The role of energy consumption in socio-economic development has been widely discussed from theoretical and empirical standpoints. According to some authors, energy constitutes a biophysical constraint to economic growth because every economic activity requires a minimum quantity of energy to be performed (Beaudreau, 2005, Georgescu-Roegen, 1971 and Stern and Cleveland, 2004). Furthermore, different studies found empirical evidence for the link between GDP and energy consumption, for both developed and developing countries (Soytas and Sari, 2003, Sari and Soytas, 2007 and Lee, 2005). These days, in a context of instability of energy markets, the discussion about future evolution of energy systems has been highlighted (IEA, 2009). Debates focus on the contribution of energy to the development process. Different perspectives on this topic can be linked to the role that energy plays in a national or local economy: while in producer states, energy may be an economic driver, in other states it may be a constraint to growth, depending on the balance between local and foreign energy supply and demand. In most of the cases, this situation may require the use of energy policy, in order to enhance energy markets coordination and performance. The Argentinean case constitutes a hybrid one, in the sense that up to very recently it was a producer country, to which energy might have been a driver, but it seems to be turning into a consumer country, to which energy may hinder economic growth. Indeed, since 2004 the Argentinean energy sector has gone through an important supply problem, highly related to economic growth and de-growth periods, which derived on shutdowns in energy supply. These supply interruptions, mainly of natural gas (NG) and electricity, have had a negative impact on the key productive sectors, particularly the industry sector. According to estimations of the Centro de Investigaciones de la Unión Industrial Argentina, in July 2010 the GDP inter annual rate of growth decreased 2.3%, as a result of shortages in NG and consequent use of more expensive substitute fuels. To some extent the goals of the Argentinean energy problem are both NG and electricity. For NG the weak points are productivity of the most important fields, most of which seem to be in their peak, diminishing trend of reserves and reductions in the reserve margin of capacity of transport of the system, which decreased between the 2005 and 2009 period (Recalde, 2010a). For the latter the problems have been also power capacity and production. According to information of Compañia Administradora del Mercado Mayorista Eléctrico (CAMMESA), one of the main problems of the power system is the diminishing reserve margin, as the gap between total installed generation capacity and peak demand levels has decreased significantly since 2002. This situation worsens by restrictions in NG supply, since it constitutes 76% of the fuel consumption in power generation. There have been different explanations to the Argentinean energy problem. On the one hand, some authors explain the situation through the analysis of current conditions in either NG or electricity markets. They argue that the key factor to understand this situation is recent energy policy, or industry re-reforms as mentioned by Haselip and Potter (2010), which did not succeed on promoting investment. These authors also insist that economic growth experienced in Argentina from 2004 implied a boom in energy demand that could not be rapidly addressed by private producers (Cont and Navajas, 2004). On the other hand, others insist that the roots of the problem are the changes in the control of energy resources in the early 1990s, the erratic energy policy and private investment from then on. According to these authors, the interrelation between electricity, NG and oil chains, the unpredictable evolution of the institutions and regulation through all the periods, the behavior of private operators and their reintegration and concentration strategies have been crucial to this problem (Campodonico, 2004, Kozulj, 2002, Kozulj, 2004 and Pistonesi, 2001). This paper analyzes the Argentinean energy system, and throughout some points of previous arguments can be found. However, a systemic approach is mainly adopted, using the energy chains framework, from a historical standpoint, to study the performance of the energy system. Along this paper, energy system is defined as “a group of activities which, from an endowment of natural resources, satisfy energy services, both for final consumption and productive activities” (Bouille, 2004, Girord, 1998, Hasson and Pistonesi, 1988 and Kaplinsky and Morris, 2002). Therefore, it can be characterized as a group of energy chains, each one corresponding to a particular source. From a wide point of view, a productive chain describes the “full range of technical, economical and financial activities required to bring a product or service from its origin, through the different phases of production and delivery, to final consumers”. In this sense, in order to analyze the evolution of a productive chain, studying technical relations constitutes a necessary but not a sufficient condition. The historical evolution of the socio-economic conditions will be equally important to learn about the system. In accordance to Haselip and Potter (2010), country-specific contexts are very relevant to its performance and thus the success or failure or an economic model is rooted in the country's own history. As follows, this paper examines some aspects of the performance of Argentinean energy system and energy policy. The aim of the paper is to explore the role of energy policy and institutions in a developing country, such as Argentina, and to discuss if it has been properly used to contrast the observed lack of coordination between fossil energy reserves management and electricity demand which, consequently, may hinder economic development.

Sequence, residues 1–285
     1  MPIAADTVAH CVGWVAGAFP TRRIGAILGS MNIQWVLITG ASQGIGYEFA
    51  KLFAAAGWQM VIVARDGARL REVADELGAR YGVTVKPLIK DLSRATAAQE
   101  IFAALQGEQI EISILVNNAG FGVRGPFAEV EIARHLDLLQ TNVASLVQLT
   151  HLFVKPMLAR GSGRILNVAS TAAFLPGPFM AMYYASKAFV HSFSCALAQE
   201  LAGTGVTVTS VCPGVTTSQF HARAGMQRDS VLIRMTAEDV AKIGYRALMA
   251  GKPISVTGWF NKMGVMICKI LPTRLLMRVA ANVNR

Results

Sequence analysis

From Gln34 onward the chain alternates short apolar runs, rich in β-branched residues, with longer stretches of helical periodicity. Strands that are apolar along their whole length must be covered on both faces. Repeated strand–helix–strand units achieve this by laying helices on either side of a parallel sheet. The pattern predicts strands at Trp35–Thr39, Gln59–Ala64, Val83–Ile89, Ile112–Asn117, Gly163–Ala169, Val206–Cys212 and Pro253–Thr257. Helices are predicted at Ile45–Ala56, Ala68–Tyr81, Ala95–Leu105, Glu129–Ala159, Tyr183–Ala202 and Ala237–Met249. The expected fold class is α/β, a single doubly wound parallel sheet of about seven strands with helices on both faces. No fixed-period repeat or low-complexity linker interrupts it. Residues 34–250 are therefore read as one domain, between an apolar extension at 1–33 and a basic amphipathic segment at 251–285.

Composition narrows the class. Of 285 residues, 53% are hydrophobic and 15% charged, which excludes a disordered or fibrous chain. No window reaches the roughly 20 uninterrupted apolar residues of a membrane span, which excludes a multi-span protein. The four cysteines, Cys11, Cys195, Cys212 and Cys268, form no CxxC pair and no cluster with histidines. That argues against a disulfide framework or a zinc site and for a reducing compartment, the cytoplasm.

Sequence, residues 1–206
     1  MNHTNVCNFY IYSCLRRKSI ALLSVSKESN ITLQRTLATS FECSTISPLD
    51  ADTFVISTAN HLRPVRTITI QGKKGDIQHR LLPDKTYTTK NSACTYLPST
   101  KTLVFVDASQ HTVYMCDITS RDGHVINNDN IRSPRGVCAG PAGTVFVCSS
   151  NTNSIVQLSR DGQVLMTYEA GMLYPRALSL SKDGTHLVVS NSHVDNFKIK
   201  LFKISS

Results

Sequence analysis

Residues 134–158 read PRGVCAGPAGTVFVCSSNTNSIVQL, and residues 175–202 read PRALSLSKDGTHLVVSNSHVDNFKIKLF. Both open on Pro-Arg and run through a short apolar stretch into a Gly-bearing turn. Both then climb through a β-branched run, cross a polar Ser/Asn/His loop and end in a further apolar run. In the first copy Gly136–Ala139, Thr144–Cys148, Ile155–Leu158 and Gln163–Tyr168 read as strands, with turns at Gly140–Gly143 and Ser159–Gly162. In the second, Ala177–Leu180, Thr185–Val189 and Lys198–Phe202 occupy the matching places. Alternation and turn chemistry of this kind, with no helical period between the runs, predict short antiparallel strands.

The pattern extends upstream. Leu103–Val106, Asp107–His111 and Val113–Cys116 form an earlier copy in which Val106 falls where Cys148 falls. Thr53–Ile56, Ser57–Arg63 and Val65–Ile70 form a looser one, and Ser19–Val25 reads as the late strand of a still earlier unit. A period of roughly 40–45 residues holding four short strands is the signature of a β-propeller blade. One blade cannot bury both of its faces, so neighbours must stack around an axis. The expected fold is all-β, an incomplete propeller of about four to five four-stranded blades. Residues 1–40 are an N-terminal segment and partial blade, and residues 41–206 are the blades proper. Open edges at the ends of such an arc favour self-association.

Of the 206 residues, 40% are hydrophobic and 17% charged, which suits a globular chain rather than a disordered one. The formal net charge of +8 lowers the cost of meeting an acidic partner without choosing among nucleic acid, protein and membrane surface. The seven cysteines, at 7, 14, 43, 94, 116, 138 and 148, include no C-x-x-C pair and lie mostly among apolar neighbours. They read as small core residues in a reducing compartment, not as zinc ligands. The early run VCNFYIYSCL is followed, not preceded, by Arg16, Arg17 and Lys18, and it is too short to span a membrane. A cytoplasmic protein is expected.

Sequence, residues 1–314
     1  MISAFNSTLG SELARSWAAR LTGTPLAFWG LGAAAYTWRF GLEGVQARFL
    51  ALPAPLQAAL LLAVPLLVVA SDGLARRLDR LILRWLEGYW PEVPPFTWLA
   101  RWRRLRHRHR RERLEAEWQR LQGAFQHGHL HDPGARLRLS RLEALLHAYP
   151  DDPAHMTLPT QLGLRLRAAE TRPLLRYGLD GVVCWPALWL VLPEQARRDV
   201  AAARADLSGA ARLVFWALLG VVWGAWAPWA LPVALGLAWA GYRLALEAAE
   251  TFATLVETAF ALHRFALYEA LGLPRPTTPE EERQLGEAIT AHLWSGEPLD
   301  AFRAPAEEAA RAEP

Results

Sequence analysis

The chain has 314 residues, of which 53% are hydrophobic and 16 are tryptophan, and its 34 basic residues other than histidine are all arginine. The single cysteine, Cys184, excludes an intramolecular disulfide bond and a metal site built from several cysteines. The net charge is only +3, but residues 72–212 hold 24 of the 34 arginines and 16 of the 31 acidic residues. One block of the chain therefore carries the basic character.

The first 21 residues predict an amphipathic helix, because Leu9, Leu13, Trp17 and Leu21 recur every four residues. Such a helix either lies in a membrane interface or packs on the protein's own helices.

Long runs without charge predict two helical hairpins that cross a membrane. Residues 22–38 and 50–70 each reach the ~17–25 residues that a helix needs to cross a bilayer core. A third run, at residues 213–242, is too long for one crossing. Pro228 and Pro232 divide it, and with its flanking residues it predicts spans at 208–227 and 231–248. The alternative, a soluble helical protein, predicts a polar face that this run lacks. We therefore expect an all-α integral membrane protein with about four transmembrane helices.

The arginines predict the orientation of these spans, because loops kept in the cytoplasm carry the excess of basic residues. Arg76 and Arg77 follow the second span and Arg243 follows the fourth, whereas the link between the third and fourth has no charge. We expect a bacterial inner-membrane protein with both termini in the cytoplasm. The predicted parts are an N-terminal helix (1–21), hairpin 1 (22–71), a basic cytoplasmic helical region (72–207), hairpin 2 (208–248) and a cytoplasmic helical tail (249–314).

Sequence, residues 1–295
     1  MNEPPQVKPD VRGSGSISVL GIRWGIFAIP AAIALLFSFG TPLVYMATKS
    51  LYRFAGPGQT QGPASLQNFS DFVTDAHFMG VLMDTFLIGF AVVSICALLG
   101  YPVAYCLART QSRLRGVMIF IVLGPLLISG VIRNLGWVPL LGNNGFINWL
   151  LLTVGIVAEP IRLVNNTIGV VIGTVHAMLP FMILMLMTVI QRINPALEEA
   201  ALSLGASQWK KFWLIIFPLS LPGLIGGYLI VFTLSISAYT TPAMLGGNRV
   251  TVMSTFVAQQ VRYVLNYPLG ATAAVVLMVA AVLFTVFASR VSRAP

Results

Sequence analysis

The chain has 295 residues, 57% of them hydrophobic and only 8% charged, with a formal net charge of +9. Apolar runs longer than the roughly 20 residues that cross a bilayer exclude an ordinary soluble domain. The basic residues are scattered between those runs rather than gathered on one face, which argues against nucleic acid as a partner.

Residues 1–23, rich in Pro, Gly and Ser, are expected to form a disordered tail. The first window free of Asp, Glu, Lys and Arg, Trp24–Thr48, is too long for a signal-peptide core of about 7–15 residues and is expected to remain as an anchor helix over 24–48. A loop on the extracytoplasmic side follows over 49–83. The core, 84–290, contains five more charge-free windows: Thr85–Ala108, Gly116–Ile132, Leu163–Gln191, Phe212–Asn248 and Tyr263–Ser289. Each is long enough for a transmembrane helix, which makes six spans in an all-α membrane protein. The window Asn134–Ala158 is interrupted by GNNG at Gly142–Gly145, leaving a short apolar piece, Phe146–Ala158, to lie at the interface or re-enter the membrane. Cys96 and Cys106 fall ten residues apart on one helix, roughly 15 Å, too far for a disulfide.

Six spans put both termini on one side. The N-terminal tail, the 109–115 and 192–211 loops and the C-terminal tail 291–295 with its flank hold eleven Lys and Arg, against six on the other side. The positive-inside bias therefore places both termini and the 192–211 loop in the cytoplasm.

نتیجه گیری انگلیسی
Given the relevance of energy in economic and development processes, especially in a developing country, the previous sections have attempted to discuss the performance of the energy system in Argentina. The paper sought to contribute to the literature on the performance of energy markets and the role of energy policy. In this sense, as argued by Haselip and Potter (2010), the relative success and failure of market performance can be only appreciated in parallel with an understanding of country-specific contexts. Therefore, the discussion about the proper use of energy policy in Argentina has been carried in conjunction with a historical study of the energy system evolution, the energy mix, the reforms and the energy market performance. The main hypothesis has been that, in the Argentinean case, energy policy has not been properly used to contrast the lack of coordination between fossil energy reserves management and electricity demand, and this may hinder economic development. One of the main issues to be addressed in the Argentinean case, which can be clearly seen from previous sections, is the lack of coordination between NG and electricity chains, which surely constitutes the key point of the current energy problem. As shown, the increase in NG production and exports, in conjunction with reductions in explorations investments, and lack of an intensive policy to this purpose, has led to a diminishing RPR of NG. At the same time, the electricity mix has trend to be highly concentrated in thermal technologies, very dependent on NG. This disconnection led the energy system in a weak position, particularly in winter when NG is on its peak demand due to industrial and household requirements. From the standpoint of this paper, this disconnect should have been addressed by institutions of control and avoided through a long run energy planning. However, both country characteristics and economic and political context might have contributed to fail to this goal. As remarked in this paper, and as stated by Pistonesi (2001) and Kozulj (2004) among others, one of the core characteristics of the performance of the system after the reforms in the early 1990s was the abandonment of the use of energy policy and long run energy planning. This has also implied a relative backwardness of the regulatory agencies in relation to the private agents which, to some extent, resulted in reintegration and concentration of the energy chains. Both strategies may lead to a bad performance of the system as the increase in market power and dismissing competition foster the possibility to capture monopolistic rents along the system. Recently, as an attempt to “bridge the gap” between demand and supply, particularly in the electricity sector, the Argentinean government has implemented different policies such as the program for the rational use of electricity energy (PUREE), the fund for promoting investment in generation (FONIVEMEM) and the creation of ENARSA among others (Haselip and Potter, 2010). Probably, when looked at superficially, it could be said that Argentina is returning to the use of energy policy and planning. However, in a closer inspection, these policies constitute isolated efforts to try to solve or alleviate the current problem in a particular subsector of the system. Unfortunately, they do not imply an integrate long run energy planning. To conclude, the main policy recommendation from this paper may be that in a developing, and low institutionally developed country, such as Argentina, energy policy and the long run energy planning are crucial and they must be performed by an authority such as the National Government. In this regard, a broad perspective for planning, considering the entire system, as well as inter- and intra-relations, are very important. This also begs for an improvement of the regulatory framework, and an active role of the regulatory authorities. In the particular case of Argentina this may imply, not only a better planning for electricity supply through expansions on the capacity of generation, transport and distribution, but also strengthening aspects related to the linking with other energy chains. Thus, as a long run planning may include promoting a more systematic exploitation of NG and oil reserves' and increase in the share of RETs in the energy mix. The energy sector is one of the most strategic ones in socio-economic development, therefore it should be seriously planned.